While we would never recommend any form of drug use, it is entirely possible for people to drink alcohol every weekend without ever suffering from alcohol dependency. Even with illegal drugs such as cannabis, it’s possible to smoke a little on the weekend without ruining your life.
Some people think decriminalising drugs is the best option to reduce the pressure on health care, criminal justice, and social service systems.
However, it can be easy for harmless fun to become long term addiction, and it can be very difficult to recognise when this is happening to you. So where is the line, and when exactly does meaningless fun become drug abuse?
Drug Abuse Definition
Recreational drug use is defined by the fact that a user is able to try a drug, then go about their life, without it becoming habitual or affecting their career, finances or relationships.
Drug abuse is when this is no longer the case – when drugs affect our judgement, becoming addictive, and we begin to prioritise them over important parts of our lives.
In other words, what is meant by drug abuse is when drug use is no longer deliberate or planned, but out of control. Drug abuse is when the drugs use us, for want of a better explanation.
Do you live for the weekend? Just struggling to get through the week so that you can let loose with drugs or alcohol?
Do you spend so much money on drugs or alcohol that it affects your financial status and results in missing bills?
Do you often feel tired or drained, unable to feel normal or good about yourself until using drugs?
All of these are major signs of chemical dependency. Continuing to use drugs while dependent is drug abuse and extremely dangerous both physically and mentally.
If you think you may be suffering from alcohol or drug dependency, contact us immediately to learn more about how we can help you regain control of your life.
Drug Abuse Statistics
The World Health Organization tracks drug abuse and dependency across the world and assists countries in developing and evaluating treatments. According to their research:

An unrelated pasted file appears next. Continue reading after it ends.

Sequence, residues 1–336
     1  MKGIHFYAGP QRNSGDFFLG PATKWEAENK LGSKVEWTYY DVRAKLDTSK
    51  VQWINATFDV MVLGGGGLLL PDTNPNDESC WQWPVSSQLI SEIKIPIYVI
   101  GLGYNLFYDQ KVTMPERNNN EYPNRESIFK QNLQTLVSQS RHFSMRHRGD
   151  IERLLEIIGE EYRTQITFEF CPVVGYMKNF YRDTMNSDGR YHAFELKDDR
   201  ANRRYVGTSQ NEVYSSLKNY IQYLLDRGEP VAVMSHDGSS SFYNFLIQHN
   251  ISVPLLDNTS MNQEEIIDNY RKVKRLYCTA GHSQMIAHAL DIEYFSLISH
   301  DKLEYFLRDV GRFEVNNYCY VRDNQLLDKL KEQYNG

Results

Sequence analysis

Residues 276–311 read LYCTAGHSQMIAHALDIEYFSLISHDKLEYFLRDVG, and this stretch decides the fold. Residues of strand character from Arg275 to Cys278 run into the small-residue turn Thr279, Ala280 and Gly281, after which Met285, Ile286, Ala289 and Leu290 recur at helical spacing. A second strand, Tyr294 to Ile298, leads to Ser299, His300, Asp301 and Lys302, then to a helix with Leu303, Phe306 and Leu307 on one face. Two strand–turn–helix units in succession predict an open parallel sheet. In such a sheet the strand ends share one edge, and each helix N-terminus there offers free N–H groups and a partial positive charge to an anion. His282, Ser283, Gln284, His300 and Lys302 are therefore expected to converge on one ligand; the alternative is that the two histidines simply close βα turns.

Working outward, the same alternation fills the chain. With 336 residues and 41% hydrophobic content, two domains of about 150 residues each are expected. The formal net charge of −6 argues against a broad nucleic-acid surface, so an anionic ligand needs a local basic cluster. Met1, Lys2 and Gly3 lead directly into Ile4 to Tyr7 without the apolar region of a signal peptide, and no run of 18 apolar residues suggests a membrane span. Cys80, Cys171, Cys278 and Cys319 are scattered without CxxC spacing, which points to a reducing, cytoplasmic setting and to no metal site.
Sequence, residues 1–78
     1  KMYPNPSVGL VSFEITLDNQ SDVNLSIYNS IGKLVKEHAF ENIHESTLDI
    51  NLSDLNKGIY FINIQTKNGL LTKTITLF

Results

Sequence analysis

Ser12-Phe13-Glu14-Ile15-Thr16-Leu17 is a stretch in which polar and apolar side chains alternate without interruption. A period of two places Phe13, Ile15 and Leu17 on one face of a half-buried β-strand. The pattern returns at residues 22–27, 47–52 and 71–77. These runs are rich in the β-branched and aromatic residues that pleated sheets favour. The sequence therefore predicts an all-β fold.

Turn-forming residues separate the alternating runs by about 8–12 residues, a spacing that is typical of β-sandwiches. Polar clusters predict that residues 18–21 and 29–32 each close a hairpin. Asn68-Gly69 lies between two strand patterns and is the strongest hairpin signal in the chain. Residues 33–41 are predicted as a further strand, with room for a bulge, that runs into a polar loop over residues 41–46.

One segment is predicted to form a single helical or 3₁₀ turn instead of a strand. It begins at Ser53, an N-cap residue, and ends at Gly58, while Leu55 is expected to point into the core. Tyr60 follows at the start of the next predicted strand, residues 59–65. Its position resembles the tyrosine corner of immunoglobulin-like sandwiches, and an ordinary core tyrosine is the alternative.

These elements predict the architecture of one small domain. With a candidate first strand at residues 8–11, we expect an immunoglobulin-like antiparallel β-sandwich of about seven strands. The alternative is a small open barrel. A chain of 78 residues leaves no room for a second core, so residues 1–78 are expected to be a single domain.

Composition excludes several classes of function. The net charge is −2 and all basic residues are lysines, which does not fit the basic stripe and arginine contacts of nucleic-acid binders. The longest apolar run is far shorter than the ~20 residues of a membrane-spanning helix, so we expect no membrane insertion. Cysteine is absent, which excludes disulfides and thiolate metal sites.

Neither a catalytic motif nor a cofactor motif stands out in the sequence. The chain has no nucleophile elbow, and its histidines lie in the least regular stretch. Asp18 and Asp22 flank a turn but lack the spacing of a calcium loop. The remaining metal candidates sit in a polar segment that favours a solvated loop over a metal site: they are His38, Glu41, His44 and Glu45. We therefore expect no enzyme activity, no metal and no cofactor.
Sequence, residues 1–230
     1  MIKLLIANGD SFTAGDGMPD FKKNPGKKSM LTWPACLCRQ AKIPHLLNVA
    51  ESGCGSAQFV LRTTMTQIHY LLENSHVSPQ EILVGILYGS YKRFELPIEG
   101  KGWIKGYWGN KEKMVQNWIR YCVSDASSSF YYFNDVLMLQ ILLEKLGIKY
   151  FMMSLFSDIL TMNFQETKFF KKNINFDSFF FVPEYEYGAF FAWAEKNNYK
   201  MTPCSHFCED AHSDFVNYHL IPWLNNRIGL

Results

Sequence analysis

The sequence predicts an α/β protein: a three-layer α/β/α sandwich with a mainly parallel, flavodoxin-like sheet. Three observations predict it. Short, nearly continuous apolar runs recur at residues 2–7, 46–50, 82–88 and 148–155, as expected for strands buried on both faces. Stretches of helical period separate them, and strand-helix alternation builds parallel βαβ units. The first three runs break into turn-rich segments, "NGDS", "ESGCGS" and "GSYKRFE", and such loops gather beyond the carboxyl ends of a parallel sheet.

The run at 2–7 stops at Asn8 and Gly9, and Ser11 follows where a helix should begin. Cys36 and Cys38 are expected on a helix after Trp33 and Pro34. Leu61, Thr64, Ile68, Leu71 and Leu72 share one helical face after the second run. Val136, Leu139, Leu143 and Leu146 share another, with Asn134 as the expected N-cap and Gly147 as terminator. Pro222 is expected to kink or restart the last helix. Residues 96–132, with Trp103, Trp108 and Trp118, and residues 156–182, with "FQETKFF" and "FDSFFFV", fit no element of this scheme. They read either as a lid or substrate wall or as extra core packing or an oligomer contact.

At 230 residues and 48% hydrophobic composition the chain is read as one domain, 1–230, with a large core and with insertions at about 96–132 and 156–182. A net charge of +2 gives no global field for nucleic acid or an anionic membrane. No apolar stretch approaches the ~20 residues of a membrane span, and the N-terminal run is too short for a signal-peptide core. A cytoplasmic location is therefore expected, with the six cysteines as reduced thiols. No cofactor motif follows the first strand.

- 31 million people worldwide suffer from drug use disorders
- Almost 11 million people worldwide inject drugs, including 1.3 million who are living with HIV
- Only 38.3% of the world drinks alcohol, but of those who do, the average intake is 17 litres of pure alcohol per year
Alcohol & Drug Abuse
It is easy for us to think of these as two different problems, especially because alcohol is legal and most recreational drugs are illegal.
But this isn’t really true, with alcohol being every bit as addictive and life-threatening as other drugs.
The two problems are also often tightly intertwined, with alcoholics with increasing tolerance often looking to drugs to increase their buzz, for example.
Abuse of either drugs or alcohol causes behavioural, cognitive and physiological effects that cause an extreme desire to keep using the drug, inability to control its use through willpower alone, and of course symptoms such as withdrawal.
Getting Help for Your Drink or Drug Problem
Do you feel like your casual drinking has grown into a real problem?
Did you try drugs a few times and think it was ok, but now are struggling to stop?
It is easy to feel alone, hopeless or even struggle to admit such problems, but our friendly, experienced staff are 100% non-judgemental and some of them have even overcome addictions themselves.
You can begin your journey to recovery simply by calling us on 0800 118 2892 and discussing your problem with us – we are available 24/7 to provide free, friendly, no obligation advice on how best to begin your road back to health.